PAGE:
Friday, December 26, 2014

ATY Plans: Nutrition and Pain Management

This post is a continuation of my race plans for the Across the Years 48-Hour Run.  Today, I’m focusing on nutrition and pain management.  I’m breaking nutrition into three components: fluids, electrolytes and food.  All three are largely unchanged from last year, as I didn’t have any problems in these areas.


My first several ultras were all in hot weather, so I was hard pressed to drink enough fluids to stay hydrated.  I won’t have that problem in this race.  The climate is dry, but temperatures will be cool enough that I won’t sweat excessively.  Even if I only drink a few ounces at a time, I probably won’t need to drink every lap.  I have to be just as concerned about overhydration as underhydration.

One way to know if I’m drinking the right amount is to pay attention to how often I stop to pee.  If I go for hours without needing to pee, I’m not drinking enough.  If I’m in the bathroom every hour, I’m drinking too much.  I figure every two hours is about right.  This isn’t very scientific, but it’s easy to make adjustments.  If it seems like I’m not drinking enough, I’ll drink every lap until I catch up.  If it seems like I’m drinking too much, I’ll drink less frequently.  Having an aid station every 1.0498 miles gives me some margin for error.


As I sweat, I’ll lose electrolytes.  An easy way to replace them is to take electrolyte capsules.  In warmer weather, I take one per hour.  In really hot weather, I sometimes take them every 30 minutes.  Last year, I took them every two hours.  That seemed to work out OK.  If I’m eating a lot of salty foods, I may take them less frequently – particularly at night, when I won’t be sweating as much.


I’m hoping to run 200 miles.  The average runner burns 100 calories per mile.  I’m lighter than the average runner, so I probably only burn about 80 calories per mile.  Still, that’s about 16,000 calories.  My muscles can only store enough glycogen to last about 20 miles.  That’s 1,600 calories.  The rest either has to come from stored fat or from food I eat during the race.  One pound of fat can supply 3,300 calories, but it takes a long time to mobilize those calories.  The more I can eat, the less likely I’ll run out of glycogen.  I need to take in as many calories during the race as my digestive system can handle.  Ideally, most of it should either be sugars, or foods that convert quickly into sugar.  Also, not all sugars are the same.  Glucose can be converted quickly into glycogen.  Fructose can’t.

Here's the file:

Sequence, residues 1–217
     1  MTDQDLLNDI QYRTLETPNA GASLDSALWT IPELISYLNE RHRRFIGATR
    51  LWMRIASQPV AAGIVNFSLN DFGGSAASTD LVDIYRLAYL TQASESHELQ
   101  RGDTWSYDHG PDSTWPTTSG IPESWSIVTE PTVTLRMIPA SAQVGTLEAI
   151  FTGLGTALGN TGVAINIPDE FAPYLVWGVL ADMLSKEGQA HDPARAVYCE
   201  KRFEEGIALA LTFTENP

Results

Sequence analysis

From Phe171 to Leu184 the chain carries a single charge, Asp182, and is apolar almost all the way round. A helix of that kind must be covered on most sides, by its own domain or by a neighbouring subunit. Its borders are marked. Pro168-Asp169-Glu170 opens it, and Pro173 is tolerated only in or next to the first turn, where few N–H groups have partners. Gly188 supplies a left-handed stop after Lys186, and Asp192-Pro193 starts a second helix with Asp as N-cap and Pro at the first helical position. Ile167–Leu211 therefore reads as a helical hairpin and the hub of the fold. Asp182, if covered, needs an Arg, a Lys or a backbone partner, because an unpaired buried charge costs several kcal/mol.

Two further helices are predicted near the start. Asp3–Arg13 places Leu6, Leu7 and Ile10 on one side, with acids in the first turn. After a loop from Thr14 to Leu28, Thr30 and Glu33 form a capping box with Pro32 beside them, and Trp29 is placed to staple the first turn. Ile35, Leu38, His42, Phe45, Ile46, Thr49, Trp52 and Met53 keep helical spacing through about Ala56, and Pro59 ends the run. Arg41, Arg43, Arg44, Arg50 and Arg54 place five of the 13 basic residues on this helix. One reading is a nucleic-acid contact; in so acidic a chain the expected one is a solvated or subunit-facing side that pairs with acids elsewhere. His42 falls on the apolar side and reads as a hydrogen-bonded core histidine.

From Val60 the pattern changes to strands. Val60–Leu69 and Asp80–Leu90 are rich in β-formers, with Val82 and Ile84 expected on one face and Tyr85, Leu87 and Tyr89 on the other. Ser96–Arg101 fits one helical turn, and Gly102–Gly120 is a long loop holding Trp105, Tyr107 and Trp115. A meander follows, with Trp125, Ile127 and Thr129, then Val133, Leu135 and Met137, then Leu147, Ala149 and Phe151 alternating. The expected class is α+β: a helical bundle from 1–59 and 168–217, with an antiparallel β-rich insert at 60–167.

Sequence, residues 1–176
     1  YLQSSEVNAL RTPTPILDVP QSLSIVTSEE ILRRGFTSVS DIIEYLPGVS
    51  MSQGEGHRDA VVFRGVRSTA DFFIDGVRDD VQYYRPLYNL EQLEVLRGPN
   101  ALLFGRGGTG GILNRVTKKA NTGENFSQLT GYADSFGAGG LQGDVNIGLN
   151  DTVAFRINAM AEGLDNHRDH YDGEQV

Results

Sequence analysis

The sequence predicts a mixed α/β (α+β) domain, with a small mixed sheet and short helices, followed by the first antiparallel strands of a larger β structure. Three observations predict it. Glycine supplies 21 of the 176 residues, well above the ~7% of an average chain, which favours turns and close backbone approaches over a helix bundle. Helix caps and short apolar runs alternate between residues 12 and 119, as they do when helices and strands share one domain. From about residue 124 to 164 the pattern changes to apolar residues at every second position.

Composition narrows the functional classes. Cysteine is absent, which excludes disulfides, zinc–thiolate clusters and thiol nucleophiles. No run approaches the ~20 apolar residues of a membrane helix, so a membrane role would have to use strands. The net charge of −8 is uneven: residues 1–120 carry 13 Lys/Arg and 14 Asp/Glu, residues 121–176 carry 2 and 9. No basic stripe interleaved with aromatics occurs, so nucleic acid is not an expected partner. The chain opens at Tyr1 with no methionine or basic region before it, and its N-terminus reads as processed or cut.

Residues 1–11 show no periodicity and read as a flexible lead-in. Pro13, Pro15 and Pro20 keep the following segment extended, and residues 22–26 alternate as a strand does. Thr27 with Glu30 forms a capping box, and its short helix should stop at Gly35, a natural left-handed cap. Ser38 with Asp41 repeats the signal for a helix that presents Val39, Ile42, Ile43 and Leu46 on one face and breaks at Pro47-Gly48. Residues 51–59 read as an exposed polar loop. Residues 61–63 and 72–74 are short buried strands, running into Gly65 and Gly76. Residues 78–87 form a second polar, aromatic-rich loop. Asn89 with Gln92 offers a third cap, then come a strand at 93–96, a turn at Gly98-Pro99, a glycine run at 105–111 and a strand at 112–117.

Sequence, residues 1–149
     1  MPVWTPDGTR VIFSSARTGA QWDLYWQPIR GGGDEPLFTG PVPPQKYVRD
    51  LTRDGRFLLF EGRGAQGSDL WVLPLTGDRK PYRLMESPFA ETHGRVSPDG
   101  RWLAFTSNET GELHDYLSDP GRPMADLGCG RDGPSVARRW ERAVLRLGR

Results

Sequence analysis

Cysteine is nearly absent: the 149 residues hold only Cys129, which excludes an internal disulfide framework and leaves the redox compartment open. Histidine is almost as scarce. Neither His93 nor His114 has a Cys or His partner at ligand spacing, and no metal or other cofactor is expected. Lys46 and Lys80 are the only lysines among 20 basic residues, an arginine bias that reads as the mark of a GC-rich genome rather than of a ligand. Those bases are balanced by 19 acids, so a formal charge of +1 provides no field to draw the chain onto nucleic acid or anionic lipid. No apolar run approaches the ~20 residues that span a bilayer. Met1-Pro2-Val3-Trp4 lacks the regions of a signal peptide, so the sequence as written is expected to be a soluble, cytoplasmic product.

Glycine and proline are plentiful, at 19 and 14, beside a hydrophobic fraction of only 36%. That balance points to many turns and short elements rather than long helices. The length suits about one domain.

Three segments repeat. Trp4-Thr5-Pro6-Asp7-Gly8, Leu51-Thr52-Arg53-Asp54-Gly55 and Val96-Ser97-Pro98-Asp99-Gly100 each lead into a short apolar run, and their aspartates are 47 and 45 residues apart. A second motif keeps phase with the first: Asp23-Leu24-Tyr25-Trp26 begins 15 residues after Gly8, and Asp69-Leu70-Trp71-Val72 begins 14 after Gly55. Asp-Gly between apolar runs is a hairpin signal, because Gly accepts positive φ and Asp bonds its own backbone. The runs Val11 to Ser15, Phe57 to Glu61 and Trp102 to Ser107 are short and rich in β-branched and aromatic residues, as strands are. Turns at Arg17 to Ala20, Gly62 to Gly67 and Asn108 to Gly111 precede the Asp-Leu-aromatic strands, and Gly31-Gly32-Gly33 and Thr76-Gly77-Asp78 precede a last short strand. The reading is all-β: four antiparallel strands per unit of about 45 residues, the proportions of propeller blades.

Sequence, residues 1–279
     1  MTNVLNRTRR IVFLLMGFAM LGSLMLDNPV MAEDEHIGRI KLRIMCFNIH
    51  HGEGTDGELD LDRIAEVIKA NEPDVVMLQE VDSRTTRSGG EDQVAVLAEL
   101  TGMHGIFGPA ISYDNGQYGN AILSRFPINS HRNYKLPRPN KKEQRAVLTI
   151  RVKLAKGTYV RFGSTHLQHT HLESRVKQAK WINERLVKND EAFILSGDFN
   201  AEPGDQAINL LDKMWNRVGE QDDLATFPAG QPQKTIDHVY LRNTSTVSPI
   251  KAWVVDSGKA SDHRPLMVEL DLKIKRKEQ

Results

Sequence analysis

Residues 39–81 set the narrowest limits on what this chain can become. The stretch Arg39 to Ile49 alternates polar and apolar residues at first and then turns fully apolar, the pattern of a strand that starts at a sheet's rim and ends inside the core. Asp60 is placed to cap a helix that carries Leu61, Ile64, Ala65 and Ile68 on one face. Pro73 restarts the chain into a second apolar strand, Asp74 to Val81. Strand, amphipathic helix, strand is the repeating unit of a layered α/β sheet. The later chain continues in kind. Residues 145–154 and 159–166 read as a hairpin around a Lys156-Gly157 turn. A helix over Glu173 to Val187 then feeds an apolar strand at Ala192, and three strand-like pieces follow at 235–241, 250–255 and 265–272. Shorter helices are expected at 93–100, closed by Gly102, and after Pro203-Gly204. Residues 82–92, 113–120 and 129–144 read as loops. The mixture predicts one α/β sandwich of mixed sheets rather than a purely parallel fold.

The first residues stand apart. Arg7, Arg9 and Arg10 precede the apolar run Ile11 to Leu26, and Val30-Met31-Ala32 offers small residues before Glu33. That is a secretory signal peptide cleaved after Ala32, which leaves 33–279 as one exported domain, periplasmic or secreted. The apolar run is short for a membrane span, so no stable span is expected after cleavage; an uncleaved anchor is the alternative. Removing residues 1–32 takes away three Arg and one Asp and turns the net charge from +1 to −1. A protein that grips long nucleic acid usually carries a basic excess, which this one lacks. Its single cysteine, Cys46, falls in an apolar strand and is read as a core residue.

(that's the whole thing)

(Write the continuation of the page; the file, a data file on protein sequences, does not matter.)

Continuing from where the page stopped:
The easiest eat to get calories is from the fluids I’m drinking.  For that reason, I favor sport drinks over water.  I won’t need as much fluid as I would on a hot day, so I can’t
rely on getting most of my calories from fluids.  I’ll get what calories I can this way, but it’s only a start.

The next easiest way to get calories is through energy gels.  This is also an easy way to get calories in the form of glucose or glucose polymers.  Unfortunately, there’s a limit to how often I can eat them.  I’ve tried to take gels once an hour, and I’ve found that after about 10-12 hours, it gets difficult.  I feel like I’m filled to the brim with gels.  Last year, I was taking them every two hours.  That worked OK.

I plan to bring enough GU packets to take them every two hours.  I’ll also bring a couple of extras.  I bought a variety of flavors, so I won’t get sick of the taste.  Some flavors have caffeine.  Others don’t.  I’ll have some of each.  I want to be able to take caffeine when I’m feeling tired, but I don’t want to get too much caffeine.  Finally, about a third of my GU packets will have amino acids, to help prevent catabolism of muscle tissue.

The rest of my calories will have to come from solid food.  About once an hour, when I’m stopping at the aid station to get something to drink, I’ll also get something to eat.  They’ll have standard easy-to-digest foods like PBJs and potato wedges.  They’ll also have more substantial foods.  Last year, in addition to the PBJs and potatoes, I sampled turkey & cheese sandwiches, chili, pumpkin pie, bean burritos, pasta, cheese enchiladas, a red chili burrito, a fruit smoothie, a pickle spear and an egg burrito.  Nothing gave me GI problems.  Just in case, I’ll have some crystallized ginger, which helps with nausea.

I have one other concern about food or beverages.  At midnight on New Year’s Eve, they’ll have champagne for a toast.  Normally, I wouldn’t think twice about it, but that’s when I’ll be fighting to stay awake.  Will a small glass of champagne tip me over?  Stay tuned.

Pain Management

I used to take ibuprofen in the second half of a 24-hour run.  Now I’m much more conservative about NSAIDs.  I don’t plan to take any during the race.  I’ll bring some ibuprofen, but mostly so I have the option of taking it after the race to take the edge off the soreness so I can sleep.

Last year I had painful blisters after 12 hours.  It wasn’t easy to live with the pain, but I was able to do it.  I’m pretty good at tuning out the pain from blisters.  I’ll also have increasingly sore muscles.  That’s a bigger problem.  I’ve found that sore quads can make it difficult to start running again after a walking break.

Endorphins are your body’s natural painkillers.  Sometimes you don’t even realize how much pain you’re in until you take a break.  When you stop exerting yourself, you stop producing endorphins.  Pain that was previously masked suddenly becomes noticeable.  It also works in reverse.  If you start exerting yourself harder, you produce more endorphins.  By working harder, you can make the pain melt away.  This only works, however, if you can sustain the effort.  Late in the race, I’ll have to balance my desire to conserve energy with my desire to manage the pain.

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